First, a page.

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Boston World War II veteran fights to save Tent City and affordable housing in the city

Boston Herald - 7/13/2022

A 97-year-old World War II veteran who fought in Iwo Jima is waging one last battle for the America he wants to see — saving affordable housing in the Back Bay.

Richard Cook was wheeled out to the front of Tent City, where he lives with his daughter Heather Cook in a townhouse at the back, in a freshly-printed white T-Shirt that shouts “SAVE TENT CITY.”

Other concerned residents — some shouting out affectionate hellos to the elderly veteran — would soon join the pair at around 6 p.m. Wednesday in their own shirts. They also brought boards protesting “Peabody Properties stop Air BNBs” or simply asking “What about us?”

The residents have a litany of complaints about their building’s management and a burgeoning fear that the complex that houses their homes — some, like Cook, have lived there for decades — will change hands.

“With this place, when there’s hundreds of rooms and this and that, and security, and so they come to the end of the line — they see there’s nothing here anymore, it’s not an easy grab anymore,” Richard Cook said. “Now they want to get what they can, and that’s the whole story.”

The real problem, Heather Cook said, is “We don’t really know the truth” about the future of Tent City, which is a huge mixed development of units including lower- and middle-income units.

“There’s talks. The hearsay is that it’s going to be sold because of the backdoor conversations,” she said. “It was understood that the only way the property could be sold is if BPDA (Boston Planning & Development Agency) joined conversations.”

The Herald was unable to reach a representative of Peabody Properties, the company that manages Tent City, by press time.

It’s a situation that the two city councilors who stood beside the residents, Council President Ed Flynn and Councilor At-Large Ruthzee Louijeune, said they’ve been aware of since at least last year.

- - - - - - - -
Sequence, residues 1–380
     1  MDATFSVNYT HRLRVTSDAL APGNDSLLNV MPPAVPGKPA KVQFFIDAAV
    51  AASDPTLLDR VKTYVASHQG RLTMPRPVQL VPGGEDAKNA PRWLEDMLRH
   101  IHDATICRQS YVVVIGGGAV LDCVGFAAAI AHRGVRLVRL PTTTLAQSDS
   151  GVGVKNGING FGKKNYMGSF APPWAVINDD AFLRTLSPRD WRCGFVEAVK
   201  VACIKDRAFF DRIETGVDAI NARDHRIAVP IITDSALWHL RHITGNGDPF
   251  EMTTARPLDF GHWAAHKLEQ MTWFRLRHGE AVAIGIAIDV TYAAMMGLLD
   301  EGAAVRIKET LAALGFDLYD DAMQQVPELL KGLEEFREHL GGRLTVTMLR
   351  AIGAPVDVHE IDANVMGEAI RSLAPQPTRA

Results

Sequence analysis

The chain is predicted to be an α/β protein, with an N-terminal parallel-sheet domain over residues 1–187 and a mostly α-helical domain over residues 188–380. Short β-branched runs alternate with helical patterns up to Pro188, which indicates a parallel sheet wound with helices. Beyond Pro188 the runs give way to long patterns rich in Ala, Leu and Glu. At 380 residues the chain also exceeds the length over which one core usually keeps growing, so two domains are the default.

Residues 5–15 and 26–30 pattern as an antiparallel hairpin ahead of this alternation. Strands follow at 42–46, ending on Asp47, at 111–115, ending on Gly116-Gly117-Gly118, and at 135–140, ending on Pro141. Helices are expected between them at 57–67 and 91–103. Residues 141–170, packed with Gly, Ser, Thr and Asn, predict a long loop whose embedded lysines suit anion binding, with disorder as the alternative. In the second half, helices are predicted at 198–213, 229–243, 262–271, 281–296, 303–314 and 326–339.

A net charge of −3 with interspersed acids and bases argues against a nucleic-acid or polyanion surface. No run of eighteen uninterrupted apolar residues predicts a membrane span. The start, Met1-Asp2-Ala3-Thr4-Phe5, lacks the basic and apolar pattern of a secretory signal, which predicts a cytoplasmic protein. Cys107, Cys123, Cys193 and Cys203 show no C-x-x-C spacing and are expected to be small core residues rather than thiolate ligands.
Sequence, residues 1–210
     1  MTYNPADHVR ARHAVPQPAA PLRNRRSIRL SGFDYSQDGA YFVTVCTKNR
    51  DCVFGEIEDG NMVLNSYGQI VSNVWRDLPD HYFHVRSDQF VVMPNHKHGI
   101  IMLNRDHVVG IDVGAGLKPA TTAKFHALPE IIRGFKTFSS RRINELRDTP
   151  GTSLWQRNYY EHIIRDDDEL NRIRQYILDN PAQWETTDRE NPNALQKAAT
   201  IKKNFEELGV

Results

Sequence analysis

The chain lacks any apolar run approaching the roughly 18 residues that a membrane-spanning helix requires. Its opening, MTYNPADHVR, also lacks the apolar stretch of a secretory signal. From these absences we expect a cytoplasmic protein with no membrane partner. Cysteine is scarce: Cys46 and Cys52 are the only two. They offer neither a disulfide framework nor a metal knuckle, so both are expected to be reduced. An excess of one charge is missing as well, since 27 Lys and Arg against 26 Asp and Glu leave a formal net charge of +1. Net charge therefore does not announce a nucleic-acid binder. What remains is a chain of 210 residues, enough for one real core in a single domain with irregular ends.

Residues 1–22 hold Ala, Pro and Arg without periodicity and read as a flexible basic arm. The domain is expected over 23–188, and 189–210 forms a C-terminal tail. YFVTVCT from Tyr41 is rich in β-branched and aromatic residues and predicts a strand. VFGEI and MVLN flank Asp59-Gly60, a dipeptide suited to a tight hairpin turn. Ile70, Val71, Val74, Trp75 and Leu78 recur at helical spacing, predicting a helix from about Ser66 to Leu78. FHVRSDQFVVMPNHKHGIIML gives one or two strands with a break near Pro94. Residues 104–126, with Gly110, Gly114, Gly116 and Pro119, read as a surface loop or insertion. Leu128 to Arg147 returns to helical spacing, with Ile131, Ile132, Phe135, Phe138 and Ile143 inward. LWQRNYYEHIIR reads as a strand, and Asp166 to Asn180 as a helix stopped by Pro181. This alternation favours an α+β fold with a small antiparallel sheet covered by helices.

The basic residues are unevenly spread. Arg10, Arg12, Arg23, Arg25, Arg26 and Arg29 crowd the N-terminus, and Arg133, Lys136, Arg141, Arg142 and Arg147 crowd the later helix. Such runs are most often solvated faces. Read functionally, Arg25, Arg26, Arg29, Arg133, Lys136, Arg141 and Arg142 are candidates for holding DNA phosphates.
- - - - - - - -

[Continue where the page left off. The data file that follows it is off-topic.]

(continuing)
Heather Cook “had mentioned that there were issues with the management company here at Tent City and an effort to push out our residents, which is completely unjust, especially when you know the history of Tent City and how hard folks like Mel King and folks fought for affordable housing to be here,” Louijeune said.

Tent City sounds like an unusual name for an apartment complex and that’s because it is: The name commemorates a 1968 demonstration by South End residents about a lack of affordable housing. Activist Mel King, long an opponent of the then Boston Redevelopment Authority’s evictions of low-income residents, organized a sit-in at the site to protest a parking garage being constructed there instead of affordable housing.

It was an issue that galvanized Boston and was at the center of the 1983 mayoral race between then-state Rep. King and ultimate winner Ray Flynn. The 1988 apartment complex was built during Flynn’s tenure.

“This place has significance to me and my family,” Ed Flynn, Ray’s son, said. “But more importantly it’s about the residents and making sure that Boston is a city for everybody and not just the wealthy.”

Richard Cook, who stuck with the protests into the evening, added he was a sniper with the Navy during the war and was overjoyed to return to Boston as a plumber. “It was really something in those days,” he said of the neighborhood’s working-class charm he’s now fighting to retain.

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